Vivitek HK2288 Review

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  •  Impressively consistent and watchable HDR pictures
  •  Manageable size and attractive design
  •  Good value for what it offers


  •  Clipping with very bright picture areas
  •  Per-movie adjustment needed for best results
  •  Runs noisily in HDR mode

Key Features

  • Review Price: £2499/$3399
  • Claimed 4K playback
  • DLP optical system
  • HDR10 support
  • Three 18Gbps HDMI ports
  • 1.5x optical zoom

What is the Vivitek HK2288?

The Vivitek HK2288 is the latest in a fast-growing line of affordable 4K DLP projectors. In fact, despite costing only £2499, its claimed 4K resolution is supported by HDR playback. This puts it in direct competition with rivals such as the Optoma UHD60, Epson TW9300 and BenQ W1700.

In other words, it’s up against some pretty serious competition. All the more impressive, then, that it holds its own in such esteemed company.

Vivitek HK2288 – Design and build

Despite the cooling, lens quality and brightness issues associated with delivering HDR projection, the Vivitek HK2288 is a pretty manageable size. At just W430 x D360 x H145mm, it fits comfortably onto a typical projector stand. Or you can pop it on a coffee table and still have room for chips and dips.

It’s cute enough, not to ruin a living room environment. The white finish of my review sample (it’s also available in black) is crisp and clean. Its tapered shape, arching top edge and boldly oversized lens cowling all comfortably sidestep the ugly stick.

Hoisting the Vivitek HK2288 out of its box, I’m reassured by its 9kg weight, which suggests some quality innards. And with this in mind, while the HK2288 may look good in your living room, it’s worth honouring it with a dedicated movie room installation if possible.

The remote control supplied with the HK2288 is a reasonable effort. Its buttons are all brightly backlight for use in a dark room, and its layout is mostly sensible. You even get dedicated buttons for each input.

Vivitek HK2288 – Features

‘True’ 4K projectors such as Sony’s 4K SXRD models carry 8.3 million individual pixels. As with other affordable ‘4K’ DLP projectors, the HK2288 claims to be 4K despite providing only 4.15 million DLP mirrors.

So how can it make such a claim? The key is the way its 2716 x 1528 array of mirrors can be switched more than 9000 times a second. This lets them deliver two discrete pixels per mirror for each frame of the image. These pixels can then be remapped by processing so that your brain sees what is supposedly a 4K image.

Whenever there’s ‘remapping’ processing, there have to be questions over how ‘true’ the resulting 4K resolution truly is. However, the Consumer Technology Association (CTA) in the US has declared the HK2288’s DLP approach genuine 4K. Also, my own experience has consistently shown that DLP’s affordable 4K approach delivers more impressive results than any other ‘pseudo’ 4K system.

The HK2288’s HDR support covers just the industry standard HDR10 format. There’s no support for the upcoming HLG system. I don’t consider this a huge limitation on such an affordable projector, though.

Vivitek claims a maximum brightness of 2000 lumens and a dynamic contrast ratio of 1,000,000:1 for the HK2288. The latter of these two figures is startlingly high, while the first is slightly disappointing. After all, the Optoma UHD60 claims a whole 1000 lumens more – potentially a big deal given the importance of brightness to HDR.

The HK2288’s colour wheel is a six-segment RGBRGB affair. It also carries plenty of gamma and colour management adjustments to optimise it for wide colour space Rec 709 playback. At its heart are Texas Instruments’ DarkChip3 and BrilliantColor technologies for enhanced black levels and colour saturations.

Plus Vivitek claims to be using an advanced video processor offering 12-bit programmable RGB colour adjustments.

Lamp life is quoted at a respectable 4000 hours if you stick with the Dynamic Economy picture mode. Note, though, that this isn’t available when watching HDR.

Vivitek claims a response time for the HK2288 of 50 milliseconds – a figure more or less backed up by my own measurements. However, that the 50ms figure isn’t constant. It’s a rough average of measurements that range between 34ms and 66ms. For gamers, this result is decent but not great.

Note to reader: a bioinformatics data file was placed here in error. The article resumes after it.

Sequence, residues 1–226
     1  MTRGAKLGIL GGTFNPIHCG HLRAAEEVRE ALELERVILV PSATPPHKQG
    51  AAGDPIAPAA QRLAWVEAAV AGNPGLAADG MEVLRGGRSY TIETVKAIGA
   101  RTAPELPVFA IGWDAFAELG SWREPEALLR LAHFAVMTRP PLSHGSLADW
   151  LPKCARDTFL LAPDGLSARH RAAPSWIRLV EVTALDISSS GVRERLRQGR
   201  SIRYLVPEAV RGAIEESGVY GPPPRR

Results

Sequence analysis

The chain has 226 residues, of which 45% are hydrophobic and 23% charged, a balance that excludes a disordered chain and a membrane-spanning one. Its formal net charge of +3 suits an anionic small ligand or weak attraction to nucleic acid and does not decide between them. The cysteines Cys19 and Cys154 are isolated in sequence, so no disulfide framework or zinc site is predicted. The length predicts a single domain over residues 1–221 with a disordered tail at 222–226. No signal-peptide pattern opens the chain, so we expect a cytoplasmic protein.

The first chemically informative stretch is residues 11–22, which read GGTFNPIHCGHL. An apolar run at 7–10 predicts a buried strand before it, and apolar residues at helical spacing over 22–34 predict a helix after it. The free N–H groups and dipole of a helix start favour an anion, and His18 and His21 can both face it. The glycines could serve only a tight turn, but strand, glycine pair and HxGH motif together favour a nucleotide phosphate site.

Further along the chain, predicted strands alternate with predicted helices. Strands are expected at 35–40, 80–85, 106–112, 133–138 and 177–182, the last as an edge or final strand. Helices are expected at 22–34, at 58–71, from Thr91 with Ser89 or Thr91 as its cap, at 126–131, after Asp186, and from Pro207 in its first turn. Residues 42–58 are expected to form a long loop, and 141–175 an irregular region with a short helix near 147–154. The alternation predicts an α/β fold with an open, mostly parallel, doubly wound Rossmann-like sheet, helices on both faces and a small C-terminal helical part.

While you should always try to use an external sound system with a projector, the HK2288 does carry a single 10W speaker for ‘emergencies’.

The projector’s connections are headlined by three HDMIs rather than the more typical two. Even better, all three HDMIs are built to the 4K, HDR-friendly 18Gbps specification. These are joined by a 1.5A USB power socket, an RS-232C control port, and a 3.5mm audio output.

The HDMIs are all claimed to be compatible with HDMI2.0 standards and capable of supporting 10m cable runs, provided you use v2.0-certified cables. This is the first time a projector has claimed such a cable-length feature. Details on how it works have proved elusive, however. All Vivitek could tell me is that it has something to do with the projector’s ‘ITE’ chipset.

Vivitek HK2288 – Setup

The HK2288 is exceptionally easy to install. For starters, its lens features a 1.5x optical zoom that can adapt its images to almost any room size. A wheel tucked into the rear side of the zoom control ‘window’ provides vertical image shift, too. Even the focus lever around the lens delivers more finely attuned control than usual.

Things get trickier once you head into the projector’s menus, though. They’re cumbersome, and neither the Normal nor Detail HDR presets let you adjust their picture settings. You’ll have to select User to tackle out-of-the-box issues such as a greenish hue that hangs over HDR pictures in either of the default picture modes.

You can’t avoid the menus after initial setup, either. Why? Because, frustratingly, different HDR movies benefit substantially from different picture settings.

For instance, while movies mastered in HDR to 1000-nit peaks look okay using the Normal HDR preset (for reasons discussed in the performance section), titles mastered to 4000-nit peaks need the less bright and contrasty HDR Detail setting.

In fact, ideally, these two very different HDR approaches require their own manually tweaked User setups. For instance, with 4000-nit masters, I found brightness and contrast settings of 43 and 46 to give the best all-round image.

Given the difference that tweaking the settings can make to various titles, it’s a shame there’s only one HDR User settings memory.

Having to choose between at least two presets for different titles will require some research into how each title was mastered. While this is a faff, though, the results make the effort worthwhile.

With SDR, the HK2288 is more straightforward. There are more preset options, and the projector delivers satisfying results out of the box.

You don’t have to run the lamp in its brightest Boost mode, either, as you do with HDR. And since the ‘Default’ lamp mode helps the projector run more quietly while improving black levels, I suggest you use it.

The Movie setting with brightness reduced to 51 delivers the best ‘dark room’ SDR experience.